Dispatch: Walking The Talk On Wages & Gun Violence Prevention


Stateside Dispatch

Welcome to the Stateside Dispatch, Progressive States Network's weekly newsletter! Here is the latest on the news and developments worth knowing. 

Spotlight On Progressive Leaders

This week, Minnesota legislators launched Working America’s Minimum Wage Challenge in their state. They're not just talking about the minimum wage; they're putting themselves in their constituents' shoes to get first-hand experience. (Would you be able to live on the minimum wage? Check out this interactive tool to find out!) Reps. Ryan Winkler, Karen Clark, Frank Hornstein, John Lesch, Jason Metsa, and Shannon Savick are participating in the Minnesota challenge underway now.           

In April, progressive state legislators nationwide will participate in similar minimum wage challenges and other activities during the National Week of Action for Real Prosperity Across America, sponsored by Progressive States. If you are interested in taking part, please contact

In New York, Assembly Health Committee Chair Richard Gottfried and State Sen. Bill Perkins announced resounding support from advocacy organizations for their legislation to create a universal, single payer health coverage plan. Called "New York Health," the proposal has garnered the endorsements of state and national labor unions, doctors and nurses groups, and 91 state legislators.

The Washington House recently took a step forward on gun violence prevention when it unanimously passed legislation, HB 1840, to prevent firearms from falling into the hands of people currently under a domestic violence restraining order. The bill, sponsored by Rep. Roger Goodman, now faces action in the state Senate.

In Rhode Island, Sen. Gayle Goldin and Rep. Maria Cimini are taking a practical approach to raising funds for the organizations working to prevent gun violence in the state: a small tax on the sale of firearms and ammunition. As Sen. Goldin noted, gun violence is a major problem but many organizations that work to prevent the problem remain underfunded. 


Don't Miss It

Background Checks Save Lives. In a powerful new study, the Johns Hopkins Center for Gun Policy and Research reported that the murder rate went up as a result of the 2007 repeal of a Missouri law that required background checks and licenses for all handgun owners. The report adds to the overwhelming research showing that common sense laws to prevent gun violence work, keeping guns out of dangerous hands and saving lives.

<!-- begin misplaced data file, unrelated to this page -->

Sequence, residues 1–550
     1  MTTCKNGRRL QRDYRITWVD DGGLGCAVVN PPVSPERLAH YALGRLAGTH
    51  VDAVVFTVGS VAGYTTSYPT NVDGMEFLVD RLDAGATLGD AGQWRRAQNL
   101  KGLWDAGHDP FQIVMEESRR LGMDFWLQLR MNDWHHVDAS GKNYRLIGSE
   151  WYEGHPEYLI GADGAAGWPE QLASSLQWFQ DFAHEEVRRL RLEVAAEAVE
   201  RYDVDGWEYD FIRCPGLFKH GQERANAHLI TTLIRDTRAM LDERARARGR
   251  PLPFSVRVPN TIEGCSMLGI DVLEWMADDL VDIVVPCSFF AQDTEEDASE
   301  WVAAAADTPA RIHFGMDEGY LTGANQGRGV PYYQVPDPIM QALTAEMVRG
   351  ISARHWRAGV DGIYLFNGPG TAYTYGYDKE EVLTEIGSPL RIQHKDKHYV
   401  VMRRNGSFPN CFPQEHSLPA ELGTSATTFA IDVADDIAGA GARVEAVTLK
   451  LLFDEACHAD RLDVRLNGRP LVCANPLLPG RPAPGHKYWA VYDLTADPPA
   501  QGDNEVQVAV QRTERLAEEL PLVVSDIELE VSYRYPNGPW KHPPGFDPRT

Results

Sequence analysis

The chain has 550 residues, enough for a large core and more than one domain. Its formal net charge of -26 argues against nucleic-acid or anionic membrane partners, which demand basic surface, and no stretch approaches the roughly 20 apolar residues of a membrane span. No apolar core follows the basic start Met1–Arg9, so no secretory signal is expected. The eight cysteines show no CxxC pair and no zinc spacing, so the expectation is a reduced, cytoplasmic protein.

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EXPOSED: America's Highest Paid "Government" Workers. Today, the Center for Media and Democracy (CMD) released a new report showing that contrary to the claims by some politicians, the highest paid "government" workers in the country are corporate executives who pay themselves to profit off the predatory privatization of our public programs and services. That is, they're not the Americans routinely vilified and scapegoated by corporate lobbyists, such as teachers, nurses, and sanitation workers. For the full report, click here. 

Eye On The Right

CBO Report On The Minimum Wage & Jobs. This week, the Congressional Budget Office reported that raising the federal minimum wage to $10.10 per hour would raise wages for 16.5 million workers, resulting in $31 billion more in higher earnings, and lift nearly 1 million Americans out of poverty.

Yet minimum wage opponents, from Republican lawmakers in Congress to their right-wing media allies, pounced on the report's flawed findings that a higher minimum wage could cost jobs -- a claim that runs counter to the economic consensus -- to go on the attack against an overwhelmingly proposal. Decades of economic research on the minimum wage, however, are clear: increasing the minimum wage poses no threat to employment. Expect the political debate to continue, especially as experts dissect and question the report's job loss conclusions, as well as the flawed "fine print" assumptions and methodology behind them.

Going Extreme In West Virginia. In West Virginia, the right-wing movement is pushing a bill that would take away a woman’s ability to make an extremely personal medical decision. Specifically, the legislation would prohibit abortion after twenty weeks only except when a woman has a medical emergency, making it one of the most extreme bans on abortion that West Virginia has seen in years. More information is available here

Pulse Of The Community

Divestment. The Campaign To Unload, a coalition of more than 30 organizations advocating for divestment from the gun industry, welcomed a major victory this week when Occidental College announced that it is pledging to avoid investments in manufacturers of military-style assault weapons and high-capacity ammunition magazines. The historical significance of the decision was heightened by the fact that Occidental College was also where President Obama made his first political speech in 1981 as part of a movement to persuade the school's Board of Trustees to divest the college of its investments in South Africa. Occidental's move to take a decisive stance on gun violence, which is likely the first of its kind for an American university, signals a broader shift as stakeholders increasingly focus on divestment strategies to advance gun violence prevention goals

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